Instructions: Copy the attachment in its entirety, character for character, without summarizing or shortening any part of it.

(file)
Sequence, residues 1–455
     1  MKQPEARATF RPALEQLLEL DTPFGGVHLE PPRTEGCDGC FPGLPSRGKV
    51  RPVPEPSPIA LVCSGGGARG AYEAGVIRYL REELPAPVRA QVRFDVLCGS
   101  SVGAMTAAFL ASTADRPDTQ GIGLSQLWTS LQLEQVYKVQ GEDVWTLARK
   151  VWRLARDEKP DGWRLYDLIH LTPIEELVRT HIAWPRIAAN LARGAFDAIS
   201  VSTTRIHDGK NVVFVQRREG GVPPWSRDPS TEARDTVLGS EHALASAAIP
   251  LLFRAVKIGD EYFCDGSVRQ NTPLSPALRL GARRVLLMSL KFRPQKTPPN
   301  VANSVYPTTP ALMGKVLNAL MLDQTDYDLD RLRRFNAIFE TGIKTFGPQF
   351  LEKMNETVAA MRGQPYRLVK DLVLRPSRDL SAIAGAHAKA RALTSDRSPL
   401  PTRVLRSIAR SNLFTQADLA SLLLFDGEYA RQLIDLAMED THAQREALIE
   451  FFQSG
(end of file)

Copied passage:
Sequence, residues 1–455
     1  MKQPEARATF RPALEQLLEL DTPFGGVHLE PPRTEGCDGC FPGLPSRGKV
    51  RPVPEPSPIA LVCSGGGARG AYEAGVIRYL REELPAPVRA QVRFDVLCGS
   101  SVGAMTAAFL ASTADRPDTQ GIGLSQLWTS LQLEQVYKVQ GEDVWTLARK
   151  VWRLARDEKP DGWRLYDLIH LTPIEELVRT HIAWPRIAAN LARGAFDAIS
   201  VSTTRIHDGK NVVFVQRREG GVPPWSRDPS TEARDTVLGS EHALASAAIP
   251  LLFRAVKIGD EYFCDGSVRQ NTPLSPALRL GARRVLLMSL KFRPQKTPPN
   301  VANSVYPTTP ALMGKVLNAL MLDQTDYDLD RLRRFNAIFE TGIKTFGPQF
   351  LEKMNETVAA MRGQPYRLVK DLVLRPSRDL SAIAGAHAKA RALTSDRSPL
   401  PTRVLRSIAR SNLFTQADLA SLLLFDGEYA RQLIDLAMED THAQREALIE
   451  FFQSG